The Overlapping Spheres of Medical Professionalism and Medical Ethics: A Conceptual Inquiry.Claudia W. Ruitenberg - 2016 - Ethics and Education 11 (1):79-90.
    This essay examines the concepts of ‘professionalism’ and ‘ethics’ as they are used in health professions education and, in particular, medical education. It proposes that, in order to make sense of the construct of ‘professional ethics,’ it would be helpful to conceive of professionalism and ethics as overlapping but not identical spheres. By allowing for areas of professionalism that are not directly pertinent to ethics, and areas of ethics that are not directly pertinent to the professional sphere, ‘professional ethics’ as (...)
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  14.  21
    Art, Politics, and the Pedagogical Relation.Claudia W. Ruitenberg - 2011 - Studies in Philosophy and Education 30 (2):211-223.
  15.  14
    Is Respecting Children's Rationality in Their Best Interest in an Authoritarian Context?Parvaneh Ghazinejad & Claudia Ruitenberg - 2014 - Ethics and Education 9 (3):317-328.
    Based on the experiences of one of the authors teaching philosophy for children in Iran, the paper asks whether respecting children's rationality, in the form of cultivating their ability and disposition to think critically, is in their best interest in an authoritarian context such as Iran. It argues that, in authoritarian contexts, respect for children's capacity for rational thought must be balanced with responsibility for their safety in their community. In other words, children's ‘best interest’ must consider children both as (...)
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  16.  9
    Hospitable Gestures in the University Lecture: Analysing Derrida's Pedagogy.Claudia Ruitenberg - 2014 - Journal of Philosophy of Education 48 (1):149-164.
    Based on archival research, this article analyses the pedagogical gestures in Derrida's (largely unpublished) lectures on hospitality (1995/96), with particular attention to the enactment of hospitality in these gestures. The motivation for this analysis is twofold. First, since the large-group university lecture has been widely critiqued as a pedagogical model, the article seeks to retrieve what may be of worth in the form of the lecture. Second, it is relevant to analyse the pedagogy of lectures that address the topic of (...)
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  17.  8
    On Consumerism, Collective Action, and Whether Art Teaches Anything.Claudia W. Ruitenberg - 2014 - Educational Theory 64 (2):179-194.
    In this review essay, Claudia Ruitenberg discusses Trevor Norris's Consuming Schools, René Arcilla's Mediumism, and Martha Nussbaum's Not for Profit. While the primary focus of each book is different — with Norris concentrating on the pressures of consumerism and commercialism on K–12 schooling, Arcilla analyzing modernist art and existentialist education, and Nussbaum emphasizing the role of the humanities in educating for democratic citizenship — each of the books in some way addresses the question of how people can be educated to (...)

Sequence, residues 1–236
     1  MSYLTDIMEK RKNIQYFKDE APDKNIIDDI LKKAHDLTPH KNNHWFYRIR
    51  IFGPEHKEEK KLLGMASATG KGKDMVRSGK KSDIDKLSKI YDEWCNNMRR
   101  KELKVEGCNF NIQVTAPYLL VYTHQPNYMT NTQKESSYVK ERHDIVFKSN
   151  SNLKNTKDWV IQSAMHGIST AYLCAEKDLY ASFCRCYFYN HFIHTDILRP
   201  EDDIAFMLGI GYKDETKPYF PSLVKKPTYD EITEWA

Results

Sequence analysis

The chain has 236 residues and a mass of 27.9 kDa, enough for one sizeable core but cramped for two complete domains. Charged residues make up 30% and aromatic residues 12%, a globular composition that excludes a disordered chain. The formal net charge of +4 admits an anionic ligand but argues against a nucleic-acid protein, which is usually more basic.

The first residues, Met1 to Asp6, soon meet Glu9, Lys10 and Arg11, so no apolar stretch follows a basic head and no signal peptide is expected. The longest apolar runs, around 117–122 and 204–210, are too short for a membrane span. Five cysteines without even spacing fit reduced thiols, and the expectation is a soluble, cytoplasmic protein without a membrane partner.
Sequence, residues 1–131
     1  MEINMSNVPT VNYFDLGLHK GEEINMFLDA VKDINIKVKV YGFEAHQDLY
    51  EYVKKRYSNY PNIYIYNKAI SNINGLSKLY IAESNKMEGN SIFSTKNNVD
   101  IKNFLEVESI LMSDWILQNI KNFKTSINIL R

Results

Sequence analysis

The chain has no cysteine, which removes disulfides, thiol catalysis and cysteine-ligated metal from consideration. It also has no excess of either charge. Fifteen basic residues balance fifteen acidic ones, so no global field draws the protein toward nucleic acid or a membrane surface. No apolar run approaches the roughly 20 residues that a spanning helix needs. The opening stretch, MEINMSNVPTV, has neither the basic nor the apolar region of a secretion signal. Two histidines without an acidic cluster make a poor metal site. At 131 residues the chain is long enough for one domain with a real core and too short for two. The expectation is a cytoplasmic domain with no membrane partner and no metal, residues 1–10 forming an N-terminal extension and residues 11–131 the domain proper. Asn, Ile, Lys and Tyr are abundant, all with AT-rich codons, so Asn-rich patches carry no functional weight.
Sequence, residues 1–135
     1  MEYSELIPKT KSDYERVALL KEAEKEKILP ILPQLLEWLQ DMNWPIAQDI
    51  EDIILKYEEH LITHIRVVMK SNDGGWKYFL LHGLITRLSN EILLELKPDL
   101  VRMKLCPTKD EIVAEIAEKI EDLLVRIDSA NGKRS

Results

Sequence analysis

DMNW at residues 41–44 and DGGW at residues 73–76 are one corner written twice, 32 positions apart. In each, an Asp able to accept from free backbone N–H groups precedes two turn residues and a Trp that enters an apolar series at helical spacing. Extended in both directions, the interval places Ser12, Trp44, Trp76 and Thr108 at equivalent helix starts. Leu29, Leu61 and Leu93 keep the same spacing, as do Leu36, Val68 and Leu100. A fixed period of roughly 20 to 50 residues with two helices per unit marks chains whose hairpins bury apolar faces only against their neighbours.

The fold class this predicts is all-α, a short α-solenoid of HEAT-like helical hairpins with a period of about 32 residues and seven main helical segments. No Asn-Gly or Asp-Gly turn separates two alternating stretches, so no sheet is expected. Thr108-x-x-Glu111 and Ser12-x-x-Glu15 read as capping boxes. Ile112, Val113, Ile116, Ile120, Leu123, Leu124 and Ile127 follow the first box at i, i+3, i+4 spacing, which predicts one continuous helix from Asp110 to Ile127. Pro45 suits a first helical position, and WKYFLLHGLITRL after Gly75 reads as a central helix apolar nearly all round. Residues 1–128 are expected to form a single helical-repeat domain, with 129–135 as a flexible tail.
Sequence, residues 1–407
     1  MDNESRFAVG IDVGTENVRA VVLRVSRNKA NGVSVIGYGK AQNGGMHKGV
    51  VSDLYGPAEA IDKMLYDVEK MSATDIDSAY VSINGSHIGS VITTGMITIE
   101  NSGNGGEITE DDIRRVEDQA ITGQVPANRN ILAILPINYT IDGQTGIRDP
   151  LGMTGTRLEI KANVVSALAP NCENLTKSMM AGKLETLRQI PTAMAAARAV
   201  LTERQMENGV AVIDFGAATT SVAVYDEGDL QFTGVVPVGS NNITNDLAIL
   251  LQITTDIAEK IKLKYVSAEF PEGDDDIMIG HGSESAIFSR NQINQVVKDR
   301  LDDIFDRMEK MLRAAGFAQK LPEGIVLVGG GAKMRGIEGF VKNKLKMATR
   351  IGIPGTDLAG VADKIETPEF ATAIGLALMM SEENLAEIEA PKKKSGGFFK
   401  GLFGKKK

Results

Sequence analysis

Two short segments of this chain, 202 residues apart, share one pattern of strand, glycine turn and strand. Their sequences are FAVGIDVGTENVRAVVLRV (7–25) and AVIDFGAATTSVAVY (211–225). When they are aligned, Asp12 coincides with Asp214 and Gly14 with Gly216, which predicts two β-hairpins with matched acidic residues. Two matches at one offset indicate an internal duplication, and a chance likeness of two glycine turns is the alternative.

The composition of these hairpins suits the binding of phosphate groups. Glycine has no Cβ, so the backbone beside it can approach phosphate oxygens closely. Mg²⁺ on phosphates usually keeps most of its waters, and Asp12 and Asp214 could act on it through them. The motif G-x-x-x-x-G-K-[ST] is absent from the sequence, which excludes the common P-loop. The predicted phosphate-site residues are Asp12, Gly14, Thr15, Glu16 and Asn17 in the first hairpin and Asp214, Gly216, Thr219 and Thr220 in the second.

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  18.  1
    Ethics in Professional Education: Introduction to the Special Issue.Christopher Martin & Claudia W. Ruitenberg - 2016 - Ethics and Education 11 (1):1-4.
  19.  25
    What Do Philosophers of Education Do?: And How Do They Do It?Claudia Ruitenberg (ed.) - 2010 - Wiley-Blackwell.
    This collection of essays examines a range of philosophical methods in educational research, demonstrating how philosophy of education can be understood ...
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  20.  25
    Absurd Conversations: On the Educational Value of Interlocutionary Misbehaviour.Claudia W. Ruitenberg - 2009 - Educational Philosophy and Theory 41 (5):527-538.
    This essay argues that there are educational situations in which interlocutionary misbehaviour in the form of withholding ‘good will’ can have educational value. It describes an exchange between a teacher and a student in which the teacher withheld good will, and analyzes this exchange through conceptual frameworks of performative contradiction and differend, provided by Derrida and Lyotard, respectively. It further analyzes how context, power, and ethical considerations affect the evaluation of instances of interlocutionary misbehaviour. The essay ends with the ironic (...)
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  21.  26
    Queer Politics in Schools: A Rancièrean Reading.Claudia W. Ruitenberg - 2010 - Educational Philosophy and Theory 42 (5-6):618-634.
    The perceptibility and intelligibility of queer students and teachers have been a central theme in queer politics in education. Can queer teachers be ‘out’ to their colleagues and students? Can queer relationships be seen at the school prom? Can queerness be seen and heard? At the same time, perceptibility and intelligibility are by no means uncontested political goals. This paper analyzes different school initiatives by and/or for queer students and asks how political these initiatives are from the perspective of Jacques (...)